Soft, cuddly, squirmy, mischievous puppies! There’s nothing quite like bringing one of these adorable bundles home for the first time, and because the experience is so unique, it’s important to be prepared. Your puppy will go through many changes during the first 18 months of their life, and knowing what to expect will make the process a lot easier. Ready to embark on an exciting adventure? Here’s what to expect from your growing pup week-to-week.
BIRTH TO SEVEN WEEKS
From the moment they are born, puppies can taste and feel. Between two to four weeks their eyes open, their teeth begin to come in, and they develop their senses of hearing and smell. By the fourth or fifth week their eyesight is well developed and they are starting to stand, stumble around, and wag their tail.
This period of time should be spent with their mother and littermates, as it is in that environment that they will begin to learn appropriate social behaviors, including bite inhibition, confidence, appropriate attention seeking, and appropriate submission. This is the time when a pup really learns how to be a dog.
EIGHT WEEKS TO ELEVEN WEEKS
Puppies are usually weaned off of their mother’s milk at six to seven weeks, and by eight weeks most puppies are ready to go home with a family.
During this time your puppy will be sleeping a lot, but they will also be getting familiar with their surroundings. Your pup will be very curious, impressionable, and easily scared. Be careful to avoid frightening experiences, and any necessary ones (such as vaccinations at the veterinarian), should be made less scary with treats, praise, and your positive attitude. However, never overly coddle or console your pup at this time, as it can affect their confidence.
You can start working on housebreaking and some training, but don’t expect too much, and don’t even think about discipline! Your pup is much too young to understand and punishment will only serve to frighten your pup and strain your budding relationship.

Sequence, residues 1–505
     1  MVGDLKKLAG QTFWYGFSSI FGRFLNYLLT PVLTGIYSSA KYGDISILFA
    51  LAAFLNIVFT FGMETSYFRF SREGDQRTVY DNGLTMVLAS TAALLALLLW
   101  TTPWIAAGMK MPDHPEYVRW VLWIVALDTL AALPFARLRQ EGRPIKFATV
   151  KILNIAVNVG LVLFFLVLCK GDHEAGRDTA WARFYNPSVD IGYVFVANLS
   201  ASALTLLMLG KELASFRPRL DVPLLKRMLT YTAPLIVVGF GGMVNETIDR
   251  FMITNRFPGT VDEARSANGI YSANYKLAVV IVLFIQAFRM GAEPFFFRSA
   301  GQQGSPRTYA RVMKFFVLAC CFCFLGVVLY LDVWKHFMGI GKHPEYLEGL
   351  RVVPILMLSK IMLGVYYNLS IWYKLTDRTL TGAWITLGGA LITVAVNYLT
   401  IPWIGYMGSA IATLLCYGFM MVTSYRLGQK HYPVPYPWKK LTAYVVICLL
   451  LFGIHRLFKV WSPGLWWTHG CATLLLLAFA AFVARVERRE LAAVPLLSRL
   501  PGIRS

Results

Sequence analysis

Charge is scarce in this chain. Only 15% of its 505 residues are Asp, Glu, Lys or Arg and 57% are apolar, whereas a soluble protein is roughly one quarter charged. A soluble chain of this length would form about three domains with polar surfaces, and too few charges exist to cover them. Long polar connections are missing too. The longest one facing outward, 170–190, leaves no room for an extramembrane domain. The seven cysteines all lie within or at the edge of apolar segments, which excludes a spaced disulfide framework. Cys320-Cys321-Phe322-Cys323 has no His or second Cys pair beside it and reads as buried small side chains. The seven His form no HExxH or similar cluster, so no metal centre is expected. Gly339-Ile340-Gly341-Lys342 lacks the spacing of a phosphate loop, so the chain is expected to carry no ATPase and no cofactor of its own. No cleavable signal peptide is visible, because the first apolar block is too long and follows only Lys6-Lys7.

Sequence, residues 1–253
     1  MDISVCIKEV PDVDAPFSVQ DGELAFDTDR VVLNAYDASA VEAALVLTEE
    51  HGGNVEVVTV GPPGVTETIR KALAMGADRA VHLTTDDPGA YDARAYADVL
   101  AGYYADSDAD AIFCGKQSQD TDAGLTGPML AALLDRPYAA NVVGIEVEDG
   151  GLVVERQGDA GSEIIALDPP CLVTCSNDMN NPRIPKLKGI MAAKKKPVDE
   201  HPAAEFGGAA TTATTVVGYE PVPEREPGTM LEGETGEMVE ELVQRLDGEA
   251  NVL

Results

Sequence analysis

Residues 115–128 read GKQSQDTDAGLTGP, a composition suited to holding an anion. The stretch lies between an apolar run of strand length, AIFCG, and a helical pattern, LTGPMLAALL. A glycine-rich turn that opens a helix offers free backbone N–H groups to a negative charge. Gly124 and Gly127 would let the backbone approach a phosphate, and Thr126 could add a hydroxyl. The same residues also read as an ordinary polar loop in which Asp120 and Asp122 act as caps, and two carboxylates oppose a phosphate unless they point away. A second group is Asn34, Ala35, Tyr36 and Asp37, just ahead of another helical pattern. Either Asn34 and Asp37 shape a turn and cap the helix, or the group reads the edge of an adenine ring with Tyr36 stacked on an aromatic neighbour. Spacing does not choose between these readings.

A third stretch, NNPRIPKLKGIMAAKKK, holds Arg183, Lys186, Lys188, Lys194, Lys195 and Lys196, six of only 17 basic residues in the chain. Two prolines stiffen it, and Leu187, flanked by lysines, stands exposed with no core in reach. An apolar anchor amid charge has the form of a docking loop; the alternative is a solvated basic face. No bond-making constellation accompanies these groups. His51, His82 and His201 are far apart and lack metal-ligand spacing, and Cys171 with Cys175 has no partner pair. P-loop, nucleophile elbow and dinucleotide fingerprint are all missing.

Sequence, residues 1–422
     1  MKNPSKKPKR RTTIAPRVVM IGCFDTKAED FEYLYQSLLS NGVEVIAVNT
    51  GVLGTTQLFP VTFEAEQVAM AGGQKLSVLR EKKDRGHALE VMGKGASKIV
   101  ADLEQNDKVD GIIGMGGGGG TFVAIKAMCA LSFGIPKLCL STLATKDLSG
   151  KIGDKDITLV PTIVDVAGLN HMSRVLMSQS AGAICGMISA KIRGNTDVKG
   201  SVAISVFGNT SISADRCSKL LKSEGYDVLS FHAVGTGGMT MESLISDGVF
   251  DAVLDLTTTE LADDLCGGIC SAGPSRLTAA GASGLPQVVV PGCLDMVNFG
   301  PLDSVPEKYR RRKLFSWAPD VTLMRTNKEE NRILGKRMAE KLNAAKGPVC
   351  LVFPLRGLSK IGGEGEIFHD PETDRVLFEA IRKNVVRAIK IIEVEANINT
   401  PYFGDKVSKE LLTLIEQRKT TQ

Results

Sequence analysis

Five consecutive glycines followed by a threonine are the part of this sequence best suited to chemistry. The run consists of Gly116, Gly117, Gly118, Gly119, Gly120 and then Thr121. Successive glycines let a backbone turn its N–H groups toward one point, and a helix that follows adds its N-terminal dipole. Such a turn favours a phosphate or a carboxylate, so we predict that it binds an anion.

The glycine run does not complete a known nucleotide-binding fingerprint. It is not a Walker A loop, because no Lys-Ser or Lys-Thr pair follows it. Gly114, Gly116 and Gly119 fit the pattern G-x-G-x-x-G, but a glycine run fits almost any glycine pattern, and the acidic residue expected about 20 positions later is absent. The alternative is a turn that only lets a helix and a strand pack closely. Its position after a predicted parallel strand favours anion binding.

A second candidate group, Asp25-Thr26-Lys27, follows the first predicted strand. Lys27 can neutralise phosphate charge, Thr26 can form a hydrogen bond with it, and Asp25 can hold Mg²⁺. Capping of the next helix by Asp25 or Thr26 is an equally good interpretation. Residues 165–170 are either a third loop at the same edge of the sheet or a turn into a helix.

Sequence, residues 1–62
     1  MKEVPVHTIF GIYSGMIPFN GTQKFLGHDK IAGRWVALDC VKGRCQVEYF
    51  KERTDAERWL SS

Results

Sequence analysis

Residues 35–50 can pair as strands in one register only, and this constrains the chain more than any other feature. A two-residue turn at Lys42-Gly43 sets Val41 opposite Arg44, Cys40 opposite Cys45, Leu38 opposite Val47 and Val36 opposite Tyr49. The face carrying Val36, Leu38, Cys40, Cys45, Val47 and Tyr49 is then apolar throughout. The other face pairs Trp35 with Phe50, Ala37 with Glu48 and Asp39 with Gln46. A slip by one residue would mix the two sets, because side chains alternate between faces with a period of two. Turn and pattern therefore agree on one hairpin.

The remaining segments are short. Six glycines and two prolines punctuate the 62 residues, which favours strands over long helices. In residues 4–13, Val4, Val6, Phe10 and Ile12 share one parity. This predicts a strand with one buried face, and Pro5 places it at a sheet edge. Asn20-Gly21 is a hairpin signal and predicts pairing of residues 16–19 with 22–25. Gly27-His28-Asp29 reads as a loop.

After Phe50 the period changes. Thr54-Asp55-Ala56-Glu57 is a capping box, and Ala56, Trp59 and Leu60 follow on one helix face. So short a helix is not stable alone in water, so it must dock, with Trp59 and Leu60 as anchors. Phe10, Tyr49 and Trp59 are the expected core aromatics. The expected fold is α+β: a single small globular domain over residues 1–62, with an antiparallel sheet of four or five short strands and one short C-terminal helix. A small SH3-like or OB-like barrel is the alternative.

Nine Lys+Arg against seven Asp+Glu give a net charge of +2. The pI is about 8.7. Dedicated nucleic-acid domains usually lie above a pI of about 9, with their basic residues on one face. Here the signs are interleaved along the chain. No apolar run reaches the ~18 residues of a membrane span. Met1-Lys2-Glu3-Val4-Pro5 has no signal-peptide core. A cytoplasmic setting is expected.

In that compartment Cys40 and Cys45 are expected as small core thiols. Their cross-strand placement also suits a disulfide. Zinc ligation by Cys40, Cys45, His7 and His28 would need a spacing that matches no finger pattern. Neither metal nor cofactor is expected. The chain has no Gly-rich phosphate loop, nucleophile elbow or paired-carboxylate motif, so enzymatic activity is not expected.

TWELVE TO FIFTEEN WEEKS
Your pup is starting to notice what gets your attention and who is in charge (in some cases, it may not be you). You may see signs of independence and confidence in your pal, but that doesn’t mean that they aren’t still looking to you for leadership. In fact, this is exactly when you should start showing them who is the boss with close supervision and regular training. Just remember to stay positive and avoid getting frustrated. Your pup is still very vulnerable and they are watching your every response.
A great thing to do during this time is enroll in a puppy training class. Classes are not only an excellent way to socialize your pup and get them comfortable with unfamiliar situations, they also teach critical skills like how to come, sit, and walk properly on a leash. Be sure that any class you enroll in is positive and not punishment-based.
SIXTEEN TO TWENTY FOUR WEEKS
Hold on tight -- adolescence is here. Your pup may begin ignoring known commands, chasing, nipping, barking, mounting, demanding attention, and basically acting like a little rascal. What’s it all about? They are nearing sexual maturity, and with it comes high energy and a need for stimulation.
Your pup will also probably begin teething, which occurs when they lose their baby teeth and adult teeth begin to push through the gums, causing pain and irritation. Your pup may act a little anxious and may even take out their pain on the leg of the dining room table or your favorite pair of sneakers. Combat this by offering safe toys for chewing.
During this time it is important to provide plenty of exercise and keep up with training, but don’t expect perfect obedience. Some dogs also go through a fear phase at four months of age, so try to keep a positive attitude.
Most veterinarians suggest spaying or neutering your dog at the end of this phase -- around six months of age.
SIX TO ELEVEN MONTHS
You’re not out of the woods yet! Even if your pup was spayed or neutered at six months, chances are they will still be causing a bit of mischief. At this time your growing pup is trying to come to terms with two conflicting ideas: they want to please you, but they also want to be independent. Expect to be tested. Give your pup an inch during this time, and they may take a mile. The best you can do is remain calm, and never let your puppy ignore your commands. Reinforce the meaning of the word “no,” which your pup will begin to understand (but may not obey!) when they reach adolescence.
TWELVE TO EIGHTEEN MONTHS
At some point during this phase, your pup will reach emotional maturity. It usually happens sooner for small dogs and later for large dogs. In some cases, a dog may continue to behave like a puppy until they are two years old! Enjoy it while it lasts, even if it comes with some behaviors that make you want to pull your hair out. Your dog likely won’t be this energetic and playful forever, so have fun while asserting your dominance and keeping up with training.
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